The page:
<guid isPermaLink="true">https://www.sciencedaily.com/releases/2023/11/231106134928.htm</guid>
			<title>Want the secret to less painful belly flops? These researchers have the answer</title>
			<description>Researchers investigated belly flop mechanics and found surprising insights about air-to-water impacts that could be useful for marine engineering applications. They set up a belly flop-like water experiment using a blunt cylinder but added an important vibrating twist to it.</description>
			<pubDate>Mon, 06 Nov 2023 13:49:20 EST</pubDate>
			<guid isPermaLink="true">https://www.sciencedaily.com/releases/2023/11/231106134920.htm</guid>
			<title>Video technology could transform how scientists monitor changes in species evolution and development</title>
			<description>New research combines microscope and video technology to analyze how different species develop, and how changes in the timings of any developments can be tracked.В A detailed analysis of theВ Energy Proxy Traits (EPTs) that result from theseВ processesВ has provided researchers with the first evidence that traditionally measured timings of developmental events are associated with far broader changes to the full set of an embryo&#039;s observable characteristics.</description>
			<pubDate>Mon, 06 Nov 2023 13:49:17 EST</pubDate>
			<guid isPermaLink="true">https://www.sciencedaily.com/releases/2023/11/231106134917.htm</guid>
			<title>Two fins are better than one: Fish synchronize tail fins to save energy</title>
			<description>They say two heads are better than one. But in the world of fish, it appears two fins are better than one. Researchers have produced a theoretical model that demonstrates the underlying mechanisms behind how fish will synchronize their fin movements to ride each other&#039;s vortices, thereby saving energy.</description>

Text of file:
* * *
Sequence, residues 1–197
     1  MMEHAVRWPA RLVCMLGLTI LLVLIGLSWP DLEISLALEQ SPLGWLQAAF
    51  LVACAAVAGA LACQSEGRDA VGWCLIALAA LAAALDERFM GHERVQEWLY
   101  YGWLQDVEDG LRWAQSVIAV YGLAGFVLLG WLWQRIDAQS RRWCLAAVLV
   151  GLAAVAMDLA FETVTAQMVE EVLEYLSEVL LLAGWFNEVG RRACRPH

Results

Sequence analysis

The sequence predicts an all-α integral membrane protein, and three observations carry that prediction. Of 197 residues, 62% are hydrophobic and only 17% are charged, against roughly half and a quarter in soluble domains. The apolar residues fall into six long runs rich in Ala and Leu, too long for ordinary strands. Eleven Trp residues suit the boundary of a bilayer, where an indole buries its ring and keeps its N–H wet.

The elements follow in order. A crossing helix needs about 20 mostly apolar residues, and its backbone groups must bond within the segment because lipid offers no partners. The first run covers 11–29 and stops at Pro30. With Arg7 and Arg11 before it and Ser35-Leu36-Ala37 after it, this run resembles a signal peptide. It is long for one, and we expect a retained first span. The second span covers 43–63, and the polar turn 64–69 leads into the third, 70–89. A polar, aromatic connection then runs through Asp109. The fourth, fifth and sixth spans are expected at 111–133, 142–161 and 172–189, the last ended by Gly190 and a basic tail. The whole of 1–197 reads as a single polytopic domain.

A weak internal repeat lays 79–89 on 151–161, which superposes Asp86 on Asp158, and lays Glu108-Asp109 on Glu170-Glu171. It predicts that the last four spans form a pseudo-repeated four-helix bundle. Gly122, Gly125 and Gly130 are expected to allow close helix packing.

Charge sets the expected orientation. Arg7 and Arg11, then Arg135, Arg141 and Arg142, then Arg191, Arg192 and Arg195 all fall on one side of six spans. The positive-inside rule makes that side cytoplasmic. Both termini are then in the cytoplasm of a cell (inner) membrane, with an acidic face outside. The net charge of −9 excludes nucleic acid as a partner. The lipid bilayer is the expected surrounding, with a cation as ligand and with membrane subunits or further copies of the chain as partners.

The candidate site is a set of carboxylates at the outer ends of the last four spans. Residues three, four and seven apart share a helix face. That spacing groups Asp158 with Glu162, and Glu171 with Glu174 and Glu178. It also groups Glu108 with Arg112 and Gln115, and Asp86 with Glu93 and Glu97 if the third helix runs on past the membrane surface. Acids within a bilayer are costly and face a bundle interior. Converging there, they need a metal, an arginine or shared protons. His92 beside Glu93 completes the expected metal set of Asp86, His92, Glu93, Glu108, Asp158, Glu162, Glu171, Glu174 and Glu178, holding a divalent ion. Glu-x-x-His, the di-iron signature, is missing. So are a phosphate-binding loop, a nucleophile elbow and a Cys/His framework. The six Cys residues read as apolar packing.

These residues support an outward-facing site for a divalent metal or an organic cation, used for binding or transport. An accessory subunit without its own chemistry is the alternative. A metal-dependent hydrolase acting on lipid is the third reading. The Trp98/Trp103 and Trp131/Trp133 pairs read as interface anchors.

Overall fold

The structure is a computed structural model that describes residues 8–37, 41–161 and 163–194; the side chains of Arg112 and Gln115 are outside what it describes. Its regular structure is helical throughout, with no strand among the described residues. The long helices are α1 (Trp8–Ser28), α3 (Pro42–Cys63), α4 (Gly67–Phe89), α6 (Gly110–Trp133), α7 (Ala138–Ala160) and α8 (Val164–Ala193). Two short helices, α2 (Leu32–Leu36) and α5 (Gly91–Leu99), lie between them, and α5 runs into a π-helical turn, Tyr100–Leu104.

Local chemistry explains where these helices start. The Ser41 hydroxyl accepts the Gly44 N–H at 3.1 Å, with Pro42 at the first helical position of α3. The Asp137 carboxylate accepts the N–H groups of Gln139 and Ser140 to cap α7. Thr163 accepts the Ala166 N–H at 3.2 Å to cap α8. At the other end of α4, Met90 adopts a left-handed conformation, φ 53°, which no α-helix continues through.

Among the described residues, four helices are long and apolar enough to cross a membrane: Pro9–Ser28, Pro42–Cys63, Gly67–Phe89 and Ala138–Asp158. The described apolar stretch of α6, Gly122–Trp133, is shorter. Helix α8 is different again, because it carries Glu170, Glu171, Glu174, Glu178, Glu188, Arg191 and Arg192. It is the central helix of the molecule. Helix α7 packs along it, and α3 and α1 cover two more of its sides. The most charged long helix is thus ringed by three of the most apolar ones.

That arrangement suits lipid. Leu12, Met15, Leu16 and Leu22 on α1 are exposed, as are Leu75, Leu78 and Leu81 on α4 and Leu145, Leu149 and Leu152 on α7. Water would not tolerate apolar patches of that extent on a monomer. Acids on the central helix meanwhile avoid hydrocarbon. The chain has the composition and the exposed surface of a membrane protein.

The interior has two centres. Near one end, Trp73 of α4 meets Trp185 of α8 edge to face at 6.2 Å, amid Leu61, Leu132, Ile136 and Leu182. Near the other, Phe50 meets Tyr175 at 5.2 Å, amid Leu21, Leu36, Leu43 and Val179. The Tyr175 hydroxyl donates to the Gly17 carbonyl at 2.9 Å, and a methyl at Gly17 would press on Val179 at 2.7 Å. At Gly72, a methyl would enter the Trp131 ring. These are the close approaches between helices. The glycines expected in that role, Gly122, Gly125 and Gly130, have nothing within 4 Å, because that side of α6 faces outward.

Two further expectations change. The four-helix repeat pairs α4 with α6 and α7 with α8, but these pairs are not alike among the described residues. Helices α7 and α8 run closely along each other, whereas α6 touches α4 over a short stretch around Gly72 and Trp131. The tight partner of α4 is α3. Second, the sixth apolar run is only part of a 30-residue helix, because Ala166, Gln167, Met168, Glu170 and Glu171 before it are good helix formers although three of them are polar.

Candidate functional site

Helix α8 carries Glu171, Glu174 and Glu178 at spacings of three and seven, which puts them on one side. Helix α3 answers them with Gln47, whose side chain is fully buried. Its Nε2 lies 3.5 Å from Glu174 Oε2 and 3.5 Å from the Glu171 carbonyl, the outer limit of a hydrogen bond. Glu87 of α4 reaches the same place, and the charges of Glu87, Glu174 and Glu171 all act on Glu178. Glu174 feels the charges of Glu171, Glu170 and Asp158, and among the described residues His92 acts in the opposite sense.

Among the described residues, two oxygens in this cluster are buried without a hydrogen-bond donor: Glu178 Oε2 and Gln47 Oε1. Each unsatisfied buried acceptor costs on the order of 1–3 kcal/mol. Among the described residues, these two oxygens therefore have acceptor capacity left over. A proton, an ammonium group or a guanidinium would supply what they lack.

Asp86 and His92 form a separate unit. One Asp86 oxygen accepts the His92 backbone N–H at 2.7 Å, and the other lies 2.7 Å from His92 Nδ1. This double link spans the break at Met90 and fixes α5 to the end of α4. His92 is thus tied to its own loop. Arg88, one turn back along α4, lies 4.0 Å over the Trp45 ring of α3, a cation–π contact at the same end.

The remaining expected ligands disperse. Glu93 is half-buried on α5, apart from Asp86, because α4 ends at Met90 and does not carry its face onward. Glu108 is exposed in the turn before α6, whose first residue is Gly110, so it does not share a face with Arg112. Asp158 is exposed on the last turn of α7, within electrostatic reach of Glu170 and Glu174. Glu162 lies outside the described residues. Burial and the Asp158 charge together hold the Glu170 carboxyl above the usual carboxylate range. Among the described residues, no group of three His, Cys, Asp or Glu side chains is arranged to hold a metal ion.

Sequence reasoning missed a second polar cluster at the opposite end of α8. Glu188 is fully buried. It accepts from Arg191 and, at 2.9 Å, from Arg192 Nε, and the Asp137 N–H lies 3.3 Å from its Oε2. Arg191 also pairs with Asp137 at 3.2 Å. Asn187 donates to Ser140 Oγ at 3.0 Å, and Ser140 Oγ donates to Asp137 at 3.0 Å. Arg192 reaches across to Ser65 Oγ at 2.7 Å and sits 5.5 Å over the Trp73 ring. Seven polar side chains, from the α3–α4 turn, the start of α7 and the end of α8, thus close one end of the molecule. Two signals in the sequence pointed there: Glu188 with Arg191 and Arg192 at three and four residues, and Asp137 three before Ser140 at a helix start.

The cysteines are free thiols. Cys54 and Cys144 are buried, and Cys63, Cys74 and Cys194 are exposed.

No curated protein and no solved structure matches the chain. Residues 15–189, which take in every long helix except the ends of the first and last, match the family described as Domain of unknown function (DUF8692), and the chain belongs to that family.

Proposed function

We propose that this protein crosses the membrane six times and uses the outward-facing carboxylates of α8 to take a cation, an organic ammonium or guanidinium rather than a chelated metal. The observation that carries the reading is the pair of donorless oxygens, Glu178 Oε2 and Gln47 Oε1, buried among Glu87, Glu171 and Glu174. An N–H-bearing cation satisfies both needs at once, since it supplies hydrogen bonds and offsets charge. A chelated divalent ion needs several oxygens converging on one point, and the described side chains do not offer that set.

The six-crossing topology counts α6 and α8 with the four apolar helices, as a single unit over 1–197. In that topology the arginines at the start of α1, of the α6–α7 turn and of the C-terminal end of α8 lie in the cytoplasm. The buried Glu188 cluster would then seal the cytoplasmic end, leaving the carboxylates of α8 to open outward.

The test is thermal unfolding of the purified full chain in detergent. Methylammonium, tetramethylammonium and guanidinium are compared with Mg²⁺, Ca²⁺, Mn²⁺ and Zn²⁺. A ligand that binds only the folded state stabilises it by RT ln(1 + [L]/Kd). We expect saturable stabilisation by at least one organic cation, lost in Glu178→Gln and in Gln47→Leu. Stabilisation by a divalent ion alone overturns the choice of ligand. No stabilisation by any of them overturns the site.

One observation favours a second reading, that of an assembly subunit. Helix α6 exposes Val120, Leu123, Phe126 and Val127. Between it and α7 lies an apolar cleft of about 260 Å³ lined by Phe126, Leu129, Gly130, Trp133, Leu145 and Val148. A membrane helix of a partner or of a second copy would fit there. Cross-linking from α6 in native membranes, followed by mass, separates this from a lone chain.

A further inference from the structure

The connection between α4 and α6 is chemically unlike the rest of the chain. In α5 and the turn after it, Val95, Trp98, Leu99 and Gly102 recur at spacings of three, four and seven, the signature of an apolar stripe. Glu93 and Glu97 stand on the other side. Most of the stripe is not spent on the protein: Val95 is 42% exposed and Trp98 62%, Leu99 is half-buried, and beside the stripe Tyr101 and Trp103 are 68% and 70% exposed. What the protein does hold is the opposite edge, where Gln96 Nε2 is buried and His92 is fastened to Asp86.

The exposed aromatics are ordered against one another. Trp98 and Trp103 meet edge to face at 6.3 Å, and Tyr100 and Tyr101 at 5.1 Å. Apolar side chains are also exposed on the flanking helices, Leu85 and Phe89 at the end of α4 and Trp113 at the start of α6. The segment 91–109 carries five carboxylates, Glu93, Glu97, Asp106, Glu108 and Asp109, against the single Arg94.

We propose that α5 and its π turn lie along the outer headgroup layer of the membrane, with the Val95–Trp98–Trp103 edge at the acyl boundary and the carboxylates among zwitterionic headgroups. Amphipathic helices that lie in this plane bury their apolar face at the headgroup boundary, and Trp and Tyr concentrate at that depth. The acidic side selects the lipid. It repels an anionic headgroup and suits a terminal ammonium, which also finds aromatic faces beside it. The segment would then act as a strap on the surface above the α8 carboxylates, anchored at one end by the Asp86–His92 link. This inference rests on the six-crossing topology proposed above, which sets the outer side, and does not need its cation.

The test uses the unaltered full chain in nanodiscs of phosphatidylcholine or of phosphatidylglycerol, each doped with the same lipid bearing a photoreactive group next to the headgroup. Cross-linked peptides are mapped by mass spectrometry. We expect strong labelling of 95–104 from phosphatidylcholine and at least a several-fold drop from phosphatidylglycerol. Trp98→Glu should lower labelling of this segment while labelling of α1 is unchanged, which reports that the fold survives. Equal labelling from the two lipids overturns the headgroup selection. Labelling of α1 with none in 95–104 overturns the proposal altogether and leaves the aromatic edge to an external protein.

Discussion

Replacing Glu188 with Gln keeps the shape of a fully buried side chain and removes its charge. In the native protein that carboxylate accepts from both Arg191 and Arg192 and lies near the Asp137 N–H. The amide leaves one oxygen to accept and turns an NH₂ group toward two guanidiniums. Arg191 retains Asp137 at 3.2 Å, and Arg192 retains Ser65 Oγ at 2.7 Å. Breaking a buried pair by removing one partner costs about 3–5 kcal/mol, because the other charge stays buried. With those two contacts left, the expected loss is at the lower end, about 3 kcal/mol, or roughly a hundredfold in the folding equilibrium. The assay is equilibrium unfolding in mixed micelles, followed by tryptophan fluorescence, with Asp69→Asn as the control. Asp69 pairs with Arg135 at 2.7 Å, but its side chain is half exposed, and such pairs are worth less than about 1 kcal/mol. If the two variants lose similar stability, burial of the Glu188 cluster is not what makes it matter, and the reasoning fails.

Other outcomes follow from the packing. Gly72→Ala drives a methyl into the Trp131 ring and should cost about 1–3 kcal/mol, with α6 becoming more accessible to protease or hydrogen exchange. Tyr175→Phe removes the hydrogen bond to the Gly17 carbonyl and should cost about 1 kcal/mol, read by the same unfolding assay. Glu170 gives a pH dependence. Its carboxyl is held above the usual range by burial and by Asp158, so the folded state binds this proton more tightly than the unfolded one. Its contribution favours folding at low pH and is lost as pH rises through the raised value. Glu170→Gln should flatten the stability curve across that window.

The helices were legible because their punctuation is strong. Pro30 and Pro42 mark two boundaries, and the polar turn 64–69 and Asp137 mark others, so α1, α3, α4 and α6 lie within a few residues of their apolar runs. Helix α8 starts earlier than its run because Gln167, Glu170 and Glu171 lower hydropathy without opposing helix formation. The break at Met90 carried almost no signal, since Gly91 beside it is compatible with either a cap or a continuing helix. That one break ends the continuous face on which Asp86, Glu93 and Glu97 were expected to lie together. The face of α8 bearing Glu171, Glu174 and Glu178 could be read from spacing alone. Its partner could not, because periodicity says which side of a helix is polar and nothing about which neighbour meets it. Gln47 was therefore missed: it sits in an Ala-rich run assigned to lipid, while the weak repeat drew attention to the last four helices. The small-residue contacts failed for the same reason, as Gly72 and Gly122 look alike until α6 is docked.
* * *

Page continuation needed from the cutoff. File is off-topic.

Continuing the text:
<pubDate>Mon, 06 Nov 2023 13:49:03 EST</pubDate>
			<guid isPermaLink="true">https://www.sciencedaily.com/releases/2023/11/231106134903.htm</guid>
			<title>Mystery resolved: Black hole feeding and feedback at the center of an active galaxy</title>
			<description>Almost every large galaxy has a supermassive black hole at its center. An international research team has recently observed the Circinus galaxy, which is one of the closest galaxies to the Milky Way, with high enough resolution to gain further insights into the gas flows to and from the black hole at its galactic nucleus.</description>
			<pubDate>Mon, 06 Nov 2023 13:49:01 EST</pubDate>
			<guid isPermaLink="true">https://www.sciencedaily.com/releases/2023/11/231106134901.htm</guid>
			<title>Brain implant may enable communication from thoughts alone</title>
			<description>A speech prosthetic developed by a collaborative team of neuroscientists,В neurosurgeons and engineers can translate a person&#039;s brain signals into what they&#039;re trying to say. The new technology might one day help people unable to talk due to neurological disorders regain the ability to communicate through a brain-computer interface.</description>